RBC's VP of Retirement Strategy explains how bank is working to help people overcome their fears of outliving their nest egg
Among Canadians whose retirement years are on the horizon, the fear of outliving their nest egg has edged up, but their plans to prepare for it haven’t necessarily kept pace.
In the most recent wave of the biennial RBC Retirement Myths and Realities poll conducted between May 21 and June 1, 2021, a 55% majority of pre-retirees above the age of 50 expressed anxiety about no longer having a paycheque and having to draw on their retirement savings for income. Tellingly, more than four fifths of those respondents who weren’t retired yet (83%) said they’ve saved less than they think they’ll need.
“The first time we asked this specific question [of not saving enough for retirement] was in 2019,” says Rick Lowes, Vice-President, Retirement Strategy at RBC. “Compared to then, the most recent survey findings were higher by around three percentage points – not necessarily surprising, but obviously something that we want to try to improve.”
The sense of urgency was particularly acute in some respondents. According to the poll conducted by Ipsos, as many as one third (32%) shared a belief that they’ll outlive their money by more than a decade.
Lowes says the last time RBC asked that question was in 2010, though that time it was posed to a subset of the same population of respondents that had at least $100,000 in assets; compared to that number, the latest results are higher by five percentage points. The most recent survey also showed greater concern among those with less than $100,000 in investable assets, as 88% of them thought they’d run out of retirement savings at least 10 years early, in contrast to just 77% among those with a minimum of $100,000 in investable assets.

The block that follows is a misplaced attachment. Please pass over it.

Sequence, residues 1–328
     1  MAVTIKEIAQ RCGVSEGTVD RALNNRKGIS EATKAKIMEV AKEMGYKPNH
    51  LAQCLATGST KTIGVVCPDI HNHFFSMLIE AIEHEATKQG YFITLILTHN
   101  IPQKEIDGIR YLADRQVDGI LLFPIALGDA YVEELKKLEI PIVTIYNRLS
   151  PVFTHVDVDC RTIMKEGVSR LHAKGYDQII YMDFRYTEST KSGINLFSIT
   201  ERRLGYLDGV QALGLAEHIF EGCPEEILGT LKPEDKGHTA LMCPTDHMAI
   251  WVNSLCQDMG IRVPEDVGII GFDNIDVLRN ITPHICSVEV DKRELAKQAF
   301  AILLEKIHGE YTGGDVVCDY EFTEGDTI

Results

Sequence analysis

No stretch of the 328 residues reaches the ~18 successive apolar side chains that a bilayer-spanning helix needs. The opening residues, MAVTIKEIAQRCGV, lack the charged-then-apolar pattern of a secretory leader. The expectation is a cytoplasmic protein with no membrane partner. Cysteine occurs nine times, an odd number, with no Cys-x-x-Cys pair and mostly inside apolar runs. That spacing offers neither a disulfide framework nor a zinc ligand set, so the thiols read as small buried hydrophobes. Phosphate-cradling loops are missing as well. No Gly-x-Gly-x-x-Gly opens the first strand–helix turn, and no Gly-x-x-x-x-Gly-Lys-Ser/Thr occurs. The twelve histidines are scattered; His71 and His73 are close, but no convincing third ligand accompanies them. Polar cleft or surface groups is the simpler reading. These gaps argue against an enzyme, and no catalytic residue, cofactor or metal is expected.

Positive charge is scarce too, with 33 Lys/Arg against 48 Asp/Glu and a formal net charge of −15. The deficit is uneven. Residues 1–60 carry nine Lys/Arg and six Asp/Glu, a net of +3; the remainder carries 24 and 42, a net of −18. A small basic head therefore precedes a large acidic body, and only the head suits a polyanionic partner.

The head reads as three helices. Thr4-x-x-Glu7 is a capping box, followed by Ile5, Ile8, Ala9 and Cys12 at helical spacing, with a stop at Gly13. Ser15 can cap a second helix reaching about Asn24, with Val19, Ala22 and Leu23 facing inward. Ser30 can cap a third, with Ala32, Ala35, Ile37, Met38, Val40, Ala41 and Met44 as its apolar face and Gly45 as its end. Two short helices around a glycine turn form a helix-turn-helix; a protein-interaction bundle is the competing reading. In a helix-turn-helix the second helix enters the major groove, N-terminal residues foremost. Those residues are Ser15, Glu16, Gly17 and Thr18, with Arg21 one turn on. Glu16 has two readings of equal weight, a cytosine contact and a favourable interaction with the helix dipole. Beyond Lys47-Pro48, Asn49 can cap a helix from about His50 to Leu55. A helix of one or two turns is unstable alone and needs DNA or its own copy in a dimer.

“With higher inflation, people are going to worry about whether their dollars are going to stretch far enough,” Lowes adds. “I would be pretty confident that even more people would feel unready for retirement if we conducted the survey right now.”
The survey found that 50% of pre-retirees above the age of 50 have a financial plan to help take them into retirement. However, only 20% said they had created a financial plan with the help of a financial advisor or planner; 22% said their financial plan is only in their head, and another 8% said they have a plan written down that they created themselves.
“Based on some of the research we've done and what we've heard from our advisors, I think there’s a few things holding Canadians back from working with an advisor,” Lowes said. “I think a lot of them may feel they don’t have enough assets to qualify for financial planning support. They may also feel some anxiety about what they’ll find out – they’re afraid of asking the question and getting an answer contrary to what they’re hoping to hear.”
While many Canadians may be concerned about not qualifying for advice, Lowes says RBC has built up a large network of advisors to serve everyday investors. Beyond that, the digital planning capabilities the bank has established over the years ensures that virtually all Canadians get help with their planning needs.
“For one of our digital offerings, MyAdvisor, we’ve introduced a new retirement planning capability that will allow clients to look at their cash flows over time, and project whether there's going to be any anticipated shortfalls at any point during that time,” Lowes said. “From there, they can sit down with their advisor and walk through the different ways they can address those shortfalls, which really helps clients feel a lot more confident and prepared for their retirement.”
Despite the fears that Canadians may have about outliving their retirement assets, Lowes says financial planners have many tools at their disposal to help create a plan that considers the retirement lifestyle clients desire, the assets they have available, and the different income sources and strategies within their reach.
“I would encourage everybody possible to take the time and set up a meeting with a financial planner or a financial advisor,” he says. “A lot of people have been working for 40 to 50 years, and they may be thinking about pursuing a passion or their own second act. We want people to have a chance to think and talk through that with an advisor, so that they determine what they will need from an income and expense perspective.”